I noodled the problem of a dumbbell mass distribution on LEO a while back (30 years?), and mascons could set it tumbling. The problem is cumulative. Thrusters would have to counter the input of each mascon on every orbit. IIRC, the mass distribution is critical. If it's evenly distributed the problem is minimized - I think.


Not really sure how this impacts Dragon specifically. The starlinks are quite a bit lighter so I'm dubious. There's also the energy budget to look at. Reaction wheels or Control Moment Gyros might be more power efficient. It calls for a closer look than I'm capable of.
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Offline DanClemmensen

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This assumes the air in the OTV is "good".  It's probably worse in at least some ways.  (Higher humidity and CO2 for a start).  Mixing the air might dilute volatiles from the D2 but it could overwhelm parts of the D2 filters.  At the least you probably want to be able to change the filters after the transfer is complete and the hatch sealed.
CCP Dragons are currently sustained for six months by being connected to the ISS. The ISS has been in space and continuously occupied for about 23 years, with occupancy of seven or more for much of that time. I've never seen any comments on the subject, but I suspect it's fairly funky by now. An HLS acting as an OTV will be a new spacecraft with a pressurized volume about the same as the ISS. it will have been occupied by a crew of four for a month or less. I doubt its air will be worse than ISS air.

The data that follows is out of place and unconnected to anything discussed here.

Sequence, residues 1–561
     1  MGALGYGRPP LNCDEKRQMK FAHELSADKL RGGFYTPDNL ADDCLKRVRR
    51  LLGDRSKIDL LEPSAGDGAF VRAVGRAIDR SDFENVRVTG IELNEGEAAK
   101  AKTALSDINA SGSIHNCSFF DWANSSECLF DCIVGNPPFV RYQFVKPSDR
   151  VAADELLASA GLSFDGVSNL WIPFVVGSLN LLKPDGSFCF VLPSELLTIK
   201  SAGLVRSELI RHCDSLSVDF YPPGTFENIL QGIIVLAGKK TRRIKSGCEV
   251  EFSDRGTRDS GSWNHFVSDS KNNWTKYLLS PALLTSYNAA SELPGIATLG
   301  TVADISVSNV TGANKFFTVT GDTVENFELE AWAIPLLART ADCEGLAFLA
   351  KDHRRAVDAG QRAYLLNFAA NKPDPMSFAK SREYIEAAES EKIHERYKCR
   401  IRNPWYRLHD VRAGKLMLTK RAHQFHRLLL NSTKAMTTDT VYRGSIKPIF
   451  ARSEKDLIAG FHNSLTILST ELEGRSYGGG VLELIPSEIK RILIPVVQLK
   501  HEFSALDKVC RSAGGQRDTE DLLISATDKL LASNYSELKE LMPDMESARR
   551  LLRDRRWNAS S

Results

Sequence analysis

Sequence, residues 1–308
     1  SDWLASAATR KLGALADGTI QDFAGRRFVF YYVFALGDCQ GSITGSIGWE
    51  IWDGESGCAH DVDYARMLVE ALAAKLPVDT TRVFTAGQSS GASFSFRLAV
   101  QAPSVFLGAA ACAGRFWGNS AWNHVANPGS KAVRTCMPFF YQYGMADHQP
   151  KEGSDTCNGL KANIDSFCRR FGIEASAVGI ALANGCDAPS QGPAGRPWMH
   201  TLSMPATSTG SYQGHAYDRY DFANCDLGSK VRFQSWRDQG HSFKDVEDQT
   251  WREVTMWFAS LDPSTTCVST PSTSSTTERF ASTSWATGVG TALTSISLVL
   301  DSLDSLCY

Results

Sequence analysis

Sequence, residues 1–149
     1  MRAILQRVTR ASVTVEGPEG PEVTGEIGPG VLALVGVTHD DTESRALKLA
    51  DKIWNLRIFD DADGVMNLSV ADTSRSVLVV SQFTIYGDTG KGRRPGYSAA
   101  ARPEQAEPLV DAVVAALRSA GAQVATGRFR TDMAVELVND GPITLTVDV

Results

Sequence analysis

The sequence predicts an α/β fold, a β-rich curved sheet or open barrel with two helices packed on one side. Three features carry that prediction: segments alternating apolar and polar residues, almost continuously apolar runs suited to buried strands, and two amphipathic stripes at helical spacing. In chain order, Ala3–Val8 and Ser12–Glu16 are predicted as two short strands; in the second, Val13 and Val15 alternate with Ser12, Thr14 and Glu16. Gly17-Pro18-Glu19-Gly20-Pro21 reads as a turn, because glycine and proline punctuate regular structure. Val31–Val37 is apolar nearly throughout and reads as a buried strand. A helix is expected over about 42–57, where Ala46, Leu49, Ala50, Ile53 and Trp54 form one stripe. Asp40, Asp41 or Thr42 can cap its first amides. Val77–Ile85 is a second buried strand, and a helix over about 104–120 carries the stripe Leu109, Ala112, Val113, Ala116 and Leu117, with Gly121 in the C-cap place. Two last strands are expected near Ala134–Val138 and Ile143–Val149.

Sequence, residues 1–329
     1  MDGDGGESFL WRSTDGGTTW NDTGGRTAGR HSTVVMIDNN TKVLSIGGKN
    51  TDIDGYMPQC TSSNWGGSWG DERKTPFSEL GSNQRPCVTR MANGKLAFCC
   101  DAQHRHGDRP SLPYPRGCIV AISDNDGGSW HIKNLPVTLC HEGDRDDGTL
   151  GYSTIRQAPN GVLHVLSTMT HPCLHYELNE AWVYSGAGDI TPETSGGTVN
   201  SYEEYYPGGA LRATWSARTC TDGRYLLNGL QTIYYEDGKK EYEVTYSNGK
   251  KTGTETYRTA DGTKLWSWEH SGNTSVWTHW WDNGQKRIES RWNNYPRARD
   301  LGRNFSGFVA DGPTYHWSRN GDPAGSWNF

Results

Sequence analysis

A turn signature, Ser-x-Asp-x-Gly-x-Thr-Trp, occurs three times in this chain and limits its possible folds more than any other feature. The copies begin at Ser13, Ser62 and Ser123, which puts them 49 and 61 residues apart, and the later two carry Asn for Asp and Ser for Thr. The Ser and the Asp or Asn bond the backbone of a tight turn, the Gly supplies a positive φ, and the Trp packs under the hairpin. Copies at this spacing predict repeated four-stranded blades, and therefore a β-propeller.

Offline OTV Booster

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A late thought. Station keeping propellant shouldn't be a problem. Even at VLEO the orbit decay shouldn't be all that much and there should be plenty of propellant for a small boost or two. That's strictly a gut estimate.

What would be a problem would be attitude control - especially at VLEO. I'd classify modifying the current tanks as non-trivial. Adding in a tapoff from extra tanks in the trunk? Again not trivial, but trivial enough?

Good point on the attitude control, especially since you're getting power from the trunk PV.

We could run out the per-orbit delta-v loss with a decent drag equation, assuming the nadir point remains constant.  But figuring out the torques on that nadir point probably requires CFD.

My main takeaway from this (incomplete) exercise is that the depot may be expensive to store in VLEO for months/years at a time.  But VLEO is probably the only place the depot is safe from MMOD--and other birds are safe from the depot, should it become MMOD.

If the power budget can cover it, maybe small reaction wheels in the trunk?

Might work.  D2's pretty big, though, and the bulk of the mass is above the trunk.